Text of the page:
[dropcap]T[/dropcap]ottenham’s recent shift in focus has seen Mauricio Pochettino place an emphasis on locally sourced young players rather than the long-standing policy of recruiting foreign stars.
This has led to the emergence of the likes of new England internationals Harry Kane and Ryan Mason, but also meant a number of big-money acquisitions have found themselves as bench fodder at White Hart Lane this season.
Despite the disappointment of Érik Lamela, Roberto Soldado and others, Brazilian midfielder Paulinho has arguably been the biggest flop at Tottenham in recent times.
The box-to-box midfielder was in high demand back in the summer of 2013 and for good reason.
Having played an important role in former club Corinthians being crowned as Brazilian champions, Paulinho featured in the side that went on to win the Copa Libertadores and the Fifa Club World Club.
At the 2013 Confederations Cup on home soil, Brazil lifted the trophy in a World Cup dry run, with Paulinho being named the third best player in the competition and in the collective team of the tournament.
A transfer scramble was expected amongst European powerhouses to land the South American’s signature ahead of last season, with plenty of Spurs fans both impressed and excited by the news that their team had won the race at a cool price tag of £17 million.
However, like a number of his countrymen before him, Paulinho’s time in North London has simply not gone to plan, with the Brazilian now a source of irritation for the White Hart Lane faithful.
Last season under André Villas-Boas the 26-year-old was given the chance to play regularly and offered up a mixed bag.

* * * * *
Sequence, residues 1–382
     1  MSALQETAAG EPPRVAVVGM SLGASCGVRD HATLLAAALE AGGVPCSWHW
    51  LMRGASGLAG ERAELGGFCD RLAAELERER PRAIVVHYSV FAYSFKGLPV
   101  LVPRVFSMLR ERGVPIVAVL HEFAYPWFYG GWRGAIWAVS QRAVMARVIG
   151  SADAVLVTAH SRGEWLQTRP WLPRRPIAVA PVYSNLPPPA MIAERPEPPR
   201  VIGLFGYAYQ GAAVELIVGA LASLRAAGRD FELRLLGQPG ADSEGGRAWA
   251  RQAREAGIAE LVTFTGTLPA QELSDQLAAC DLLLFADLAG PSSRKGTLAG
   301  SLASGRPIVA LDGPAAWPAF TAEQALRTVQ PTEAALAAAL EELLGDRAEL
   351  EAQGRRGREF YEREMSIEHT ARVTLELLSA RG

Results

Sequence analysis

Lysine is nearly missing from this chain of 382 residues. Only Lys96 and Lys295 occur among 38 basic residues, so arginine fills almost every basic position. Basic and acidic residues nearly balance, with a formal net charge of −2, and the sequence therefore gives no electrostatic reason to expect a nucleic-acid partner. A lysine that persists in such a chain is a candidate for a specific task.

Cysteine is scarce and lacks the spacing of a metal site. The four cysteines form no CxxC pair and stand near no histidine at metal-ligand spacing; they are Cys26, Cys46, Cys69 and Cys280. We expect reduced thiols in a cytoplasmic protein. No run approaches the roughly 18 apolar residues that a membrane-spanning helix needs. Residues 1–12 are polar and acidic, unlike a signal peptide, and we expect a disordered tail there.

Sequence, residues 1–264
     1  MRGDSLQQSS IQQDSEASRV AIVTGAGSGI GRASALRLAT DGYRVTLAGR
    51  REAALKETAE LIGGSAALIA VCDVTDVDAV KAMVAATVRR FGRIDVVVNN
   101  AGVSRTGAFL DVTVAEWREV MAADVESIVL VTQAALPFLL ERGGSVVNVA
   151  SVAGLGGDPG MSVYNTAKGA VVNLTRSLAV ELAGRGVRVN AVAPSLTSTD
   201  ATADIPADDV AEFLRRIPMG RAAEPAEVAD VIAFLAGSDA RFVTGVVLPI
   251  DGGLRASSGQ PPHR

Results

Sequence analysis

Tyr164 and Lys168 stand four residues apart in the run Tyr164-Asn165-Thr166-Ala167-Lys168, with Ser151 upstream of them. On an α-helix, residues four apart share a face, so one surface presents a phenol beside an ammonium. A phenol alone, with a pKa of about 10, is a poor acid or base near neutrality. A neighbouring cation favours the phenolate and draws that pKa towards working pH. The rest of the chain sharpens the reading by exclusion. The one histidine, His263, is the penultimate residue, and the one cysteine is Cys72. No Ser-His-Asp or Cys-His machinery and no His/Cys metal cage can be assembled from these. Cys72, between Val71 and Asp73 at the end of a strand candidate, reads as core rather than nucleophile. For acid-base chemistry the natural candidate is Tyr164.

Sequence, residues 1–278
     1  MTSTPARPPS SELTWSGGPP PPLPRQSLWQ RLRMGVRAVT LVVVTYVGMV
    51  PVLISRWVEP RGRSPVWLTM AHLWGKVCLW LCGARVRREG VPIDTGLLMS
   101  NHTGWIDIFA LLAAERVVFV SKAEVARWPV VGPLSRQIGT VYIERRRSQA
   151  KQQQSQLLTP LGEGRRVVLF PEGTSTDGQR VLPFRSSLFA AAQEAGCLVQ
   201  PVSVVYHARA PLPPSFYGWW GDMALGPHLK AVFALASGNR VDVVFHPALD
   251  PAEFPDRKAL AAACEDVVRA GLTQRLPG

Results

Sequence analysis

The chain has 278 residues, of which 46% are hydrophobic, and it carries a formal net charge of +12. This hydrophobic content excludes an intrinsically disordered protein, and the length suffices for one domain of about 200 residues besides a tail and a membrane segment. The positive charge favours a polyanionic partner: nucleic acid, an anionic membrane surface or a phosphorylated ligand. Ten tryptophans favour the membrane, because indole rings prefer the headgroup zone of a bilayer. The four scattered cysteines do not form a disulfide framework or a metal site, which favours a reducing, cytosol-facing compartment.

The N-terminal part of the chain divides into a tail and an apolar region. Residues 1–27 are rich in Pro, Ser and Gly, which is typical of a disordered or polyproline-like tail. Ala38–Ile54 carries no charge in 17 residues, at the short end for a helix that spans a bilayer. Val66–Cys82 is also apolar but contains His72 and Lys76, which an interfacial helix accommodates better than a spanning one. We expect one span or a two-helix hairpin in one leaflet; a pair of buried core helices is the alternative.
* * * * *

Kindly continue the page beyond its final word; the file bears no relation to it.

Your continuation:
From a positive perspective, his running off the ball saw the midfielder pop up in promising attacking positions with regularity, while he brought energy to the Spurs boiler room.
From a negative perspective, Paulinho was largely wasteful in front of goal when chances came his way, with a surprising weakness in the tackle also quickly being noticed by the Tottenham support.
Since the Portuguese coach’s dismissal, the Brazilian has been a fringe figure under firstly Tim Sherwood and now Pochettino, with his opportunity to play against Burnley on Sunday only his second Premier League start of the season.
The game at Turf Moor was largely forgettable as a contest, while it was probably the low point in Paulinho’s time in England.
There is a significant chance that it will mark his final start in a Tottenham shirt, with an exit seeming increasingly likely this summer.
But where has it all gone wrong?
A player who has thrived at national level, played for Brazil 32 times and featured in a World Cup has looked completely out of his depth in England.
When Paulinho was at his best for the South American nation, it was largely as a defensive midfield enforcer alongside Luiz Gustavo in a 4-2-3-1 formation.
With the likes of Oscar and Neymar ahead of him to create and Gustavo the designated destroyer in the boiler room, the Spurs man fulfilled neither role and instead was involved in his side’s possession play and made late runs into the box from deep.
For Tottenham, Paulinho’s major problem has been that he has not fitted a midfield stereotype.
He has lacked the aggressiveness to be a defensive midfielder, with Nabil Bentaleb a more suitable exponent, and not showed the guile to be a playmaker either.
Like Gilberto, Sandro and Heurelho Gomes before him, Paulinho looks destined to be labelled as another failed Brazilian experiment at White Hart Lane, with a line set to be drawn under his time at the club this summer.
It is a shame that Paulinho has not shown his best form in the Premier League, with it appearing that Italian or Spanish football may well be a closer fit to his skillset.
Don’t be surprised to see the Brazilian prosper at his next club given his experience, but Paulinho and Tottenham has certainly not been a match made in heaven.
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